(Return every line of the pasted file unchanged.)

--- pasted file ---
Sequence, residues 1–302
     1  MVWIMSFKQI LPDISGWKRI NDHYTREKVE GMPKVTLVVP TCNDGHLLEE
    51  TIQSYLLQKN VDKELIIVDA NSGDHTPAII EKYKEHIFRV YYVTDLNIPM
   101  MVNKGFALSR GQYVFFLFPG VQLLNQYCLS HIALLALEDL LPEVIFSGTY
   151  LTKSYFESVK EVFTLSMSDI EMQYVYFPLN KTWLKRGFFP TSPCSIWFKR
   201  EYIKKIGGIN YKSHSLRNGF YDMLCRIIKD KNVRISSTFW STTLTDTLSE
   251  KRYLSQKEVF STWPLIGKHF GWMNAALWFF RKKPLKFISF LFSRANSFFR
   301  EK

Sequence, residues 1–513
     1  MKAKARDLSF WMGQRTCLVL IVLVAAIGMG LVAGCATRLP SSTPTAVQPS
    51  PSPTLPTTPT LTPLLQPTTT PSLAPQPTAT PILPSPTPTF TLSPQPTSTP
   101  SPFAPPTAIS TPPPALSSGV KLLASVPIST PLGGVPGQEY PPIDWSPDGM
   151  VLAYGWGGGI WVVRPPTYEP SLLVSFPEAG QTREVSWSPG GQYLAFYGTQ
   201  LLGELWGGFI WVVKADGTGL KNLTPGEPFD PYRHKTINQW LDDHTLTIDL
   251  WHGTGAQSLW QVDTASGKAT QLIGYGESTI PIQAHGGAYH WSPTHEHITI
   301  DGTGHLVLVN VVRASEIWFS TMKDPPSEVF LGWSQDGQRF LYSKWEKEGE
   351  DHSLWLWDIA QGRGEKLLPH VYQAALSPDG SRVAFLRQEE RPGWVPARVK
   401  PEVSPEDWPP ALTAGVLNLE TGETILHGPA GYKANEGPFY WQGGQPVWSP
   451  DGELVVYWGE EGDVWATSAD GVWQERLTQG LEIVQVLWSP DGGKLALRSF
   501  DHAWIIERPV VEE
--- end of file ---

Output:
Sequence, residues 1–302
     1  MVWIMSFKQI LPDISGWKRI NDHYTREKVE GMPKVTLVVP TCNDGHLLEE
    51  TIQSYLLQKN VDKELIIVDA NSGDHTPAII EKYKEHIFRV YYVTDLNIPM
   101  MVNKGFALSR GQYVFFLFPG VQLLNQYCLS HIALLALEDL LPEVIFSGTY
   151  LTKSYFESVK EVFTLSMSDI EMQYVYFPLN KTWLKRGFFP TSPCSIWFKR
   201  EYIKKIGGIN YKSHSLRNGF YDMLCRIIKD KNVRISSTFW STTLTDTLSE
   251  KRYLSQKEVF STWPLIGKHF GWMNAALWFF RKKPLKFISF LFSRANSFFR
   301  EK

Sequence, residues 1–513
     1  MKAKARDLSF WMGQRTCLVL IVLVAAIGMG LVAGCATRLP SSTPTAVQPS
    51  PSPTLPTTPT LTPLLQPTTT PSLAPQPTAT PILPSPTPTF TLSPQPTSTP
   101  SPFAPPTAIS TPPPALSSGV KLLASVPIST PLGGVPGQEY PPIDWSPDGM
   151  VLAYGWGGGI WVVRPPTYEP SLLVSFPEAG QTREVSWSPG GQYLAFYGTQ
   201  LLGELWGGFI WVVKADGTGL KNLTPGEPFD PYRHKTINQW LDDHTLTIDL
   251  WHGTGAQSLW QVDTASGKAT QLIGYGESTI PIQAHGGAYH WSPTHEHITI
   301  DGTGHLVLVN VVRASEIWFS TMKDPPSEVF LGWSQDGQRF LYSKWEKEGE
   351  DHSLWLWDIA QGRGEKLLPH VYQAALSPDG SRVAFLRQEE RPGWVPARVK
   401  PEVSPEDWPP ALTAGVLNLE TGETILHGPA GYKANEGPFY WQGGQPVWSP
   451  DGELVVYWGE EGDVWATSAD GVWQERLTQG LEIVQVLWSP DGGKLALRSF
   501  DHAWIIERPV VEE